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From Dialogue to Action: Charting a Roadmap to Combat Gun Violence in Charleston

Updated: Jun 8, 2023

Charleston, SC - May 25, 2023 - The Tri-County Gun Violence Coordination Council (GVCC) held its fourth Gun Violence Forum on May 7th, 2023, at the College of Charleston– one day after the mass shooting at an outlet mall in Allen, Texas that left nine people dead and seven wounded.

The 4-part series facilitated by the GVCC aimed to find common ground across the political and ideological divide, inviting panelists on all sides of the gun issue to talk through the challenges we face locally, share their stories, and start a conversation around what we can do collaboratively to make all of our communities safer from gun violence. The forums were moderated by Raphael James from Live 5 News and Terry Base with WJNI 106.3FM, who skillfully navigated the discussions.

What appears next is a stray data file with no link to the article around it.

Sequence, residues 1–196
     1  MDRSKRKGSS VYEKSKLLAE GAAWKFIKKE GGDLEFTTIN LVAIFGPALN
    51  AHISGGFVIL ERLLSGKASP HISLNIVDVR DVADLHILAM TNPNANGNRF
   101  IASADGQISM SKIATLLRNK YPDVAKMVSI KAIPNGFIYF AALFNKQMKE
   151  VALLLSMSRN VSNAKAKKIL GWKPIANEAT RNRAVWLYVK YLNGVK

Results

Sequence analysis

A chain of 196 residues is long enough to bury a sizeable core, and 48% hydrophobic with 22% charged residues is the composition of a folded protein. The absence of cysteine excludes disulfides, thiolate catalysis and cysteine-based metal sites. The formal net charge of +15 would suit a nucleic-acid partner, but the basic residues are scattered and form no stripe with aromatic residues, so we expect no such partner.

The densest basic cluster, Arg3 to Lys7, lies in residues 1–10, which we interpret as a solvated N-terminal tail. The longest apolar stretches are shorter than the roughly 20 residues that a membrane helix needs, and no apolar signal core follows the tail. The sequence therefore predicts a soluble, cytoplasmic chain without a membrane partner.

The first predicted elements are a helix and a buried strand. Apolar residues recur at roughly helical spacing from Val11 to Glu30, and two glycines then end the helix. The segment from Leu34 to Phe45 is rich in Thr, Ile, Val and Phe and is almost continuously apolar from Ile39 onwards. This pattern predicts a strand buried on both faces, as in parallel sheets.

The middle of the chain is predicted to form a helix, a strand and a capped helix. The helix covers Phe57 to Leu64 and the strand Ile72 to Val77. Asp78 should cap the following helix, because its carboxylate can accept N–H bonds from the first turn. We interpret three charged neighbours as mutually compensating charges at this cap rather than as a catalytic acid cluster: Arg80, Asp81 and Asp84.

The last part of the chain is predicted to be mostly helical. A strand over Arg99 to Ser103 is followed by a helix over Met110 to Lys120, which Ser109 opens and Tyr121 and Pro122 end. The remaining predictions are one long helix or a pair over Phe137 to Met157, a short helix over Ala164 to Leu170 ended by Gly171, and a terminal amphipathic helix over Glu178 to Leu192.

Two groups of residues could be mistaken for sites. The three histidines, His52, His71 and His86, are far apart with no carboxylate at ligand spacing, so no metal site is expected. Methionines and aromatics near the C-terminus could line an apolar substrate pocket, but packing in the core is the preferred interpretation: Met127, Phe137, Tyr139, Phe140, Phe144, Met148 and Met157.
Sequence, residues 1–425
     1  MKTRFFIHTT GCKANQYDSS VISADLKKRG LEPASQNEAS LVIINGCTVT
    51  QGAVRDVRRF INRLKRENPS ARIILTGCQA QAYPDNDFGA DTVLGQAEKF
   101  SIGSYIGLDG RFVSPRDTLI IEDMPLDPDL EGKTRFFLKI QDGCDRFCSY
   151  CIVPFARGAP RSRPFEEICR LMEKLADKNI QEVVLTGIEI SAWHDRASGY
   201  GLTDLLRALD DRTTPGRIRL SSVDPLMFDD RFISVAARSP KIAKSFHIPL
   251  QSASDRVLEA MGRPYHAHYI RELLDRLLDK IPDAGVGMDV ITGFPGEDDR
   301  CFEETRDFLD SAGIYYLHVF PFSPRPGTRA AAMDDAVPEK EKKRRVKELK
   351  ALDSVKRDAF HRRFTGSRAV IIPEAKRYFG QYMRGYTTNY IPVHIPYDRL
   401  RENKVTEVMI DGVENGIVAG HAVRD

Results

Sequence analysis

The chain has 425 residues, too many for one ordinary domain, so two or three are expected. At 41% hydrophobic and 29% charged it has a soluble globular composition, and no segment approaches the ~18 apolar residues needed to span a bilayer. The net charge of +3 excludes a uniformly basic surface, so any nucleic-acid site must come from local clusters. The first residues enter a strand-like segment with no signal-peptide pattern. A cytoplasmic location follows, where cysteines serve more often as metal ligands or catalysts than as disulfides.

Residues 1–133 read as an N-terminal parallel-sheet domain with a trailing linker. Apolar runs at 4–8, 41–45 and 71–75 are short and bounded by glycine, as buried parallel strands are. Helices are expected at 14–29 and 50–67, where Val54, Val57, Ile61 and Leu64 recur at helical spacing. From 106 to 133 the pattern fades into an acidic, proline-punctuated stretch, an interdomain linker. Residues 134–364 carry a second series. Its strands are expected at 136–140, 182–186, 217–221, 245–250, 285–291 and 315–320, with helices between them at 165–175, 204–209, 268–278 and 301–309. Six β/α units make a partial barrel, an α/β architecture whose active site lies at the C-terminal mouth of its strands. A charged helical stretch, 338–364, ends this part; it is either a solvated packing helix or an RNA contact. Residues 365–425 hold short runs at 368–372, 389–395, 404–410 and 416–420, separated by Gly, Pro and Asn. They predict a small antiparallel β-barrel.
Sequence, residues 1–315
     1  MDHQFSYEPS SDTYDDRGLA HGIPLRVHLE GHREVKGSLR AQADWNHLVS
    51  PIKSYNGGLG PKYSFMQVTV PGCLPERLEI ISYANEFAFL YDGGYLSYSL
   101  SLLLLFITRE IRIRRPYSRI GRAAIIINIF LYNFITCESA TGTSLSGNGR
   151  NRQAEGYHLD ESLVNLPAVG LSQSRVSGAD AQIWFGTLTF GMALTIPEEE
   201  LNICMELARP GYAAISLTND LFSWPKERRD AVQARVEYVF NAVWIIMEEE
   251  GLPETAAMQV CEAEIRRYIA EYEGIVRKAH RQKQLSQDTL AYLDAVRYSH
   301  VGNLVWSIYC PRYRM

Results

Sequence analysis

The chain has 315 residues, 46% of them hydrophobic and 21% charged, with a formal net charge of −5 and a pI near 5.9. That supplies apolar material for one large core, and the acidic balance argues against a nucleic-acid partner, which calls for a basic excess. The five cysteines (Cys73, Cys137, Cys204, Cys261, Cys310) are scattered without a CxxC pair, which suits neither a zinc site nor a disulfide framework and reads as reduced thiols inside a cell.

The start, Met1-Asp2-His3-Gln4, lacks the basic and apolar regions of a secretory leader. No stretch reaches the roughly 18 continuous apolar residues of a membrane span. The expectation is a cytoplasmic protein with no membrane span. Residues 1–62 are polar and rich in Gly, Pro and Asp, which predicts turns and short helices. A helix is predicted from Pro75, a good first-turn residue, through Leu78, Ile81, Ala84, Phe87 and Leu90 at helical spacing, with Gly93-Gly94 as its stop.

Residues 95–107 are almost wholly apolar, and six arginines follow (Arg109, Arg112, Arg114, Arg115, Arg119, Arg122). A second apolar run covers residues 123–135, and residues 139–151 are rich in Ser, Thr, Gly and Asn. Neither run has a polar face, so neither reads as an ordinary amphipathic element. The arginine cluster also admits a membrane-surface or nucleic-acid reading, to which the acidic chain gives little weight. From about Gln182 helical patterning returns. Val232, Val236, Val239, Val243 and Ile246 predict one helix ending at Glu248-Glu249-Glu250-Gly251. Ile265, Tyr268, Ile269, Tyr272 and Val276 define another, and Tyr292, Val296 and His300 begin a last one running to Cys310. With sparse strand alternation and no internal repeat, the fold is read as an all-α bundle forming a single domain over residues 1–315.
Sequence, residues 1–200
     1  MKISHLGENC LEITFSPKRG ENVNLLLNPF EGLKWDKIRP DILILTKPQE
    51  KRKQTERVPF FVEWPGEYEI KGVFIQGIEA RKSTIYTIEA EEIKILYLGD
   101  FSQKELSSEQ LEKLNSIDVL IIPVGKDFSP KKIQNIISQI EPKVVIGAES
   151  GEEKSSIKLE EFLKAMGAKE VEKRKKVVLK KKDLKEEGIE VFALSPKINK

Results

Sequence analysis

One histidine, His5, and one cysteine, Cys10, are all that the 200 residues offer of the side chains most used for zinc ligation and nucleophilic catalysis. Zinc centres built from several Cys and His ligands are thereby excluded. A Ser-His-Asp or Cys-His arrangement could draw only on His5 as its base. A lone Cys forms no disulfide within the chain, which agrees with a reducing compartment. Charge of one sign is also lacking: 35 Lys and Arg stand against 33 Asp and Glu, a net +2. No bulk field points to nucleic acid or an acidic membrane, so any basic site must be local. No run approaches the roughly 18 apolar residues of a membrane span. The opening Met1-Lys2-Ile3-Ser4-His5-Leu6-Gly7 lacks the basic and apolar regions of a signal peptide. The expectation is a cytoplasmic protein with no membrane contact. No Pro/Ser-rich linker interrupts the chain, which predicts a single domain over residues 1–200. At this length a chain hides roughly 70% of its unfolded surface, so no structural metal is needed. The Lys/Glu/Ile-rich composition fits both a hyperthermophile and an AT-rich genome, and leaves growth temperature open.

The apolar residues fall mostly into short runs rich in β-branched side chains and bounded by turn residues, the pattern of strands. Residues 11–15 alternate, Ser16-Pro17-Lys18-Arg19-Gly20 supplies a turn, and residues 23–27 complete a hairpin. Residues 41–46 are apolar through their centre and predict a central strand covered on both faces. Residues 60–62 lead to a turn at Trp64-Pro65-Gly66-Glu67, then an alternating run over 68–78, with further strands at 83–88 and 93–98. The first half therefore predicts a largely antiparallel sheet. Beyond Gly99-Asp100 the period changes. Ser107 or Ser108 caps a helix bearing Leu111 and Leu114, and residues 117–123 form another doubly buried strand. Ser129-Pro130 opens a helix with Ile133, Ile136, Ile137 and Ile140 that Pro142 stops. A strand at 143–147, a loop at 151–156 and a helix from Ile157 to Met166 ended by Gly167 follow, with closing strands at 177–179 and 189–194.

The final forum brought together a diverse group of stakeholders, including State Representative Wendell Guillard, former Representative Krystle Matthews, Dorchester County sheriff's office, and police chiefs from Summerville, North Charleston, and Charleston County. Several Charleston County School District board members were present as well as two full rows of young people. The event had representation from all age groups, races, and demographics; however, the absence of Mayor Tecklenburg*, Nancy Mace, Sandy Senn, Chip Campsen, and the entire City and County councils, as well as the rest of the Charleston delegation, was specifically highlighted and called out.